Thomas Dunne Books/St. Martin’s Press
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“A literate, thoughtful and passionate first novel . . .”
Dorothy Richardson falls into the orbit of author H. G. Wells through his wife Amy Catherine, her old schoolfriend. A writer on the cusp of fame, Wells’ cozy domestic life by the sea is an order of magnitude better than the one Dorothy lives in a dingy London boarding house. A single, intelligent woman in a poorly paid mundane job, Dorothy finds the attention Wells pays her flattering. When his affections become pressing Dorothy cannot help but fall for his charms, risking a scandal which would finish them both in the eyes of Edwardian society.
It’s not long before Dorothy wonders if Wells loves her for who she truly is, or is his self-centered deals of womanhood imprinting themselves on her forever? She has the example of Wells’ unconventional relationship with his wife before her. Dorothy sees how the once-sparkling and intelligent Amy Catherine – whom Wells insists on calling Jane – has become little more than his frightened, subservient housekeeper. A lesbian relationship with Veronica, fellow-lodger and ardent Suffragette, only adds to Dorothy’s sense of dislocation, yet it seems to point to who she really is. A family tragedy colored her early womanhood. Tragedy strikes again, throwing her life into flux. Dorothy must decide once and for all what her values are, and what kind of life she will lead. A literate, thoughtful and passionate first novel, Louisa Treger’s The Lodger takes the reader to the heart of a woman’s life as she struggles to find her identity in the turbulent world of early twentieth century England.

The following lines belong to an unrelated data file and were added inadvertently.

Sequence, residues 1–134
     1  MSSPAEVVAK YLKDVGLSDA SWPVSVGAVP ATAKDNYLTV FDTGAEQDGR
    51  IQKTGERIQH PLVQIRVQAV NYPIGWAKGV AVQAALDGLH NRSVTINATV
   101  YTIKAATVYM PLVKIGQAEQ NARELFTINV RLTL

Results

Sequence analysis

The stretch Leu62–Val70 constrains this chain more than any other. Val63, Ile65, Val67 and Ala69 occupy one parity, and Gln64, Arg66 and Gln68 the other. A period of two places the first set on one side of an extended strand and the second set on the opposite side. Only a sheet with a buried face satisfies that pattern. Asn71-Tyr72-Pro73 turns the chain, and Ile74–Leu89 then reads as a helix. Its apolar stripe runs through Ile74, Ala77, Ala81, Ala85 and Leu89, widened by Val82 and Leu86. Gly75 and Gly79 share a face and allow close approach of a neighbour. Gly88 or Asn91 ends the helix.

Reviewer: Cindy A. Matthews
Categorised in: Book Reviews
This post was written by Cynthianna Matthews